What Is My Story to Tell?
My husband and I went downtown to protest. I feel the excitement, the movement. But this is not my story to tell.
This is not my story to tell. The centuries of violence and injustice endured by African Americans—how can I truly understand how they have suffered and agonized through the years? And now, with protests in the streets and a glimmer of hope that unity and change might finally have a voice, I feel the excitement, the movement. But this is not my story to tell.
My husband and I went down to the corner of H and 16th Streets, twice now, in front of historic St. Johns Church. James Madison was the first to worship in this diminutive chapel, back in 1816, when he sat in pew 54. Since then, pew 54 has been reserved for presidents, and every president since has sat there at one time or another—every president except the current one, who chose to stand outside the other week with his trophy bible, for a photo-op, after violently chasing away peaceful protesters outside and religious personnel inside.
We stand with the crowd, holding a sign: Jesus is a person of color. We get thumbs up by fellow protesters. The crowd chants: Hands up / Don’t shoot. Black Lives Matter. Say his name / George Floyd. And we join them. At one point, a man plays an electric guitar and everyone sings, all together, “Lean on Me.” A tear prickles my eye, but this is not my story to tell.
I look at the new sign that Mayor Muriel Bowser has posted, renaming the street facing St. Johns Church “Black Lives Matter Plaza.” A block away, I see the historic Decatur House, where the last remaining quarters of enslaved individuals within sight of the White House have been restored. Both Secretary of State Henry Clay and Secretary of State Martin Van Buren lived in this house, built in 1818. Records are shady whether the two actually owned the people who worked for them, but it’s clear those workers lived here against their free will. What would those enslaved individuals think, if they saw this scene of peaceful protesters, so many years later, still fighting for free will and justice? But that’s not my story to tell.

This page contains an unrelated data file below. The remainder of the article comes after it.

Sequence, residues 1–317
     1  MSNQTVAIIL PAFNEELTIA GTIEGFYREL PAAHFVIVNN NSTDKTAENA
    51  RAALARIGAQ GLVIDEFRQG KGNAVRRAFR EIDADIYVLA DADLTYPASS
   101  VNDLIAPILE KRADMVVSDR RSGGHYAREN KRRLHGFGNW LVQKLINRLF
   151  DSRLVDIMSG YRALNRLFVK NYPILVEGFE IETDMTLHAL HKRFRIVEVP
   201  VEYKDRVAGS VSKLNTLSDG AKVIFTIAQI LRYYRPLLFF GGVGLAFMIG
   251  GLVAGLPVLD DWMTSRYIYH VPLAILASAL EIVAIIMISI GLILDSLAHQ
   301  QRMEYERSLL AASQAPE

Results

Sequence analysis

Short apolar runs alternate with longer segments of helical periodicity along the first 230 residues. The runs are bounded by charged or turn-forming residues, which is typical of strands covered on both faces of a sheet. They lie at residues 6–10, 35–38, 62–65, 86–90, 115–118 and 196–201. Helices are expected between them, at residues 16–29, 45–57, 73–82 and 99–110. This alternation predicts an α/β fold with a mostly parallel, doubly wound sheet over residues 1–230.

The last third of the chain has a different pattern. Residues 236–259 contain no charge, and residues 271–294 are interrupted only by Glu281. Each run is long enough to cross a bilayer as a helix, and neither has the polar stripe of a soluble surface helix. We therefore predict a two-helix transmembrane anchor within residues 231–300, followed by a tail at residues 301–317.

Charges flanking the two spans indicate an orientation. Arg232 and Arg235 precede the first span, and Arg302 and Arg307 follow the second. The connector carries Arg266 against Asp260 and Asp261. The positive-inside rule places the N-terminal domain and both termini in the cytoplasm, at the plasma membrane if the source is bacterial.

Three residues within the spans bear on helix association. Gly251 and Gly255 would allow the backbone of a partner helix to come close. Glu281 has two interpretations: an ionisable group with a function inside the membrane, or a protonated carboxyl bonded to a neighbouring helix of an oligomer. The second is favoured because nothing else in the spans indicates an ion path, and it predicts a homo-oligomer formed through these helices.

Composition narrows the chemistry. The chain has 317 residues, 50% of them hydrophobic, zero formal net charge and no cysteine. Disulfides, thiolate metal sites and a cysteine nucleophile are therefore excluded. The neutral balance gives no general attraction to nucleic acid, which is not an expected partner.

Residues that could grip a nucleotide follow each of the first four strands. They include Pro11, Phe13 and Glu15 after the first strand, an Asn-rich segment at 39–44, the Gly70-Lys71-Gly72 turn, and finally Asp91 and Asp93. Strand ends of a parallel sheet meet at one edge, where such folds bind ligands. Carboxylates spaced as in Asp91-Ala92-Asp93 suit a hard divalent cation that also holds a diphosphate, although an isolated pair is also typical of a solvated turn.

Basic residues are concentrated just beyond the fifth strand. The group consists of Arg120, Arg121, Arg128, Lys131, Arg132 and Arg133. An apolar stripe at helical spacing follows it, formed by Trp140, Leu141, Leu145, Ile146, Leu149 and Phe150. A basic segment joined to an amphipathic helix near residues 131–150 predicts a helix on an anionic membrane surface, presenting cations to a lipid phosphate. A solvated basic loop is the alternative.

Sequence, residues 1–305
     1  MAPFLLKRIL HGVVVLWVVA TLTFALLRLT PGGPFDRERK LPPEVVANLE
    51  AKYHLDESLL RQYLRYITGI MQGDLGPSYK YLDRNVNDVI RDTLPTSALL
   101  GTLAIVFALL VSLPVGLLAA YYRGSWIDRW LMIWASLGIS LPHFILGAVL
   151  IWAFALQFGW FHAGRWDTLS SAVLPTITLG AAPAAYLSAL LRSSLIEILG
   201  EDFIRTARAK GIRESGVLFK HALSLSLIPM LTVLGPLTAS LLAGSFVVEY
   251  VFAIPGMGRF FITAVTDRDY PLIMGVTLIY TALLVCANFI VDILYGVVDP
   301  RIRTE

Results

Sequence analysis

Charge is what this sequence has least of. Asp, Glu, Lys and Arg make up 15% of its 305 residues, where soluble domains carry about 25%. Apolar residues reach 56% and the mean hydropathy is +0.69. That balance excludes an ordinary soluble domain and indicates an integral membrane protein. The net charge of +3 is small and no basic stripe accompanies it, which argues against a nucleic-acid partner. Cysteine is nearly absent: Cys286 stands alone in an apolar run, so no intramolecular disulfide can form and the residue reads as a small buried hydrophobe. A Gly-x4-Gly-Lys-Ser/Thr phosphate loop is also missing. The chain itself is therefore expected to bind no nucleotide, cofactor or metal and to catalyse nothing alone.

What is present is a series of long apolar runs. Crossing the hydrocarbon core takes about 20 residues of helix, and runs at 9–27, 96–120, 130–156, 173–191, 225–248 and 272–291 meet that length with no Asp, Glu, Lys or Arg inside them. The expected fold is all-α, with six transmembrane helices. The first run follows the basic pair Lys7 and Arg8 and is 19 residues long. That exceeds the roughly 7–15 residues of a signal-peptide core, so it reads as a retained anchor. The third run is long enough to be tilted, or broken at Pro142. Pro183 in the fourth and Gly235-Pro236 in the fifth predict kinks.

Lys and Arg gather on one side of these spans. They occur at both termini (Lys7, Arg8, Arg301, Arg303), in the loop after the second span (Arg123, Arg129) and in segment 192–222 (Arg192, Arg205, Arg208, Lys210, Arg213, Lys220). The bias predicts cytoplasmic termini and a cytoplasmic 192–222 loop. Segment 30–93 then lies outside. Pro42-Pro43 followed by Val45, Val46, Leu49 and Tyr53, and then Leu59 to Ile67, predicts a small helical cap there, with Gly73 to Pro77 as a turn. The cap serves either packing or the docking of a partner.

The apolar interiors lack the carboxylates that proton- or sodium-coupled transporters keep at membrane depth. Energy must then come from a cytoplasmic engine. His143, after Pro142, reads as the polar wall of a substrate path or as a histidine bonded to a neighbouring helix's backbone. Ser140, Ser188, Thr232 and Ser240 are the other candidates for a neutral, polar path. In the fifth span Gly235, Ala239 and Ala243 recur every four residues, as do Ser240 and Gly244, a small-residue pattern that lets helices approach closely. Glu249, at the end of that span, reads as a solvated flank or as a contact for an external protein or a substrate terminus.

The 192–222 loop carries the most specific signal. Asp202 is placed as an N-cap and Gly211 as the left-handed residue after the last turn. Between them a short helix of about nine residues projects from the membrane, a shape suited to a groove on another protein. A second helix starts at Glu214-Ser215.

Ahead rises the White House, where Trump has barricaded himself behind fencing and walls, so no one can get closer than where we stand. I picture him quivering inside the bunker that he refuses to admit he’s hiding in, scared of these peaceful protesters, of us. The wall-crazy president has finally built a wall around himself. Will his base finally see his absurdity? Is that my story to tell?
At home, I chat with my sister on the phone. I’ve avoided asking whom she voted for in 2016, but I think I know. She lives in a prosperous town in northern California, where she has raised three kids in a nice house, with a loving husband and two dogs. “I’ve worked hard to get what I have,” she admits to me in reference to the protests in general, a hint of defensiveness on her tongue. Without her speaking the words I get what she’s saying: She’s worried that if others are given the same rights she has, then everything she’s worked for might be in jeopardy. Something might be taken away from her.
I don’t know if I have the right words, and I hesitate for a moment … but I start talking.
“No one’s trying to take anything away from you,” I tell her. “Everyone deserves the same rights that you have—to be able to work hard and go about their lives without worrying about anything else, just like you. It’s about equal rights.”
It’s a softball version and just a tiny fraction of the overall story, but I think she gets it now, at least a tiny bit. Maybe that’s my story to tell.
Barbara Noe Kennedy is a freelance journalist based in Arlington. Find her at barbaranoekennedy.com
Arlington Magazine’s Race & Equity essay series is a community voices project, and all perspectives are welcome. To submit, send a 400-500 word essay or a 3-4 minute spoken-word video, plus a photo of yourself, to editorial@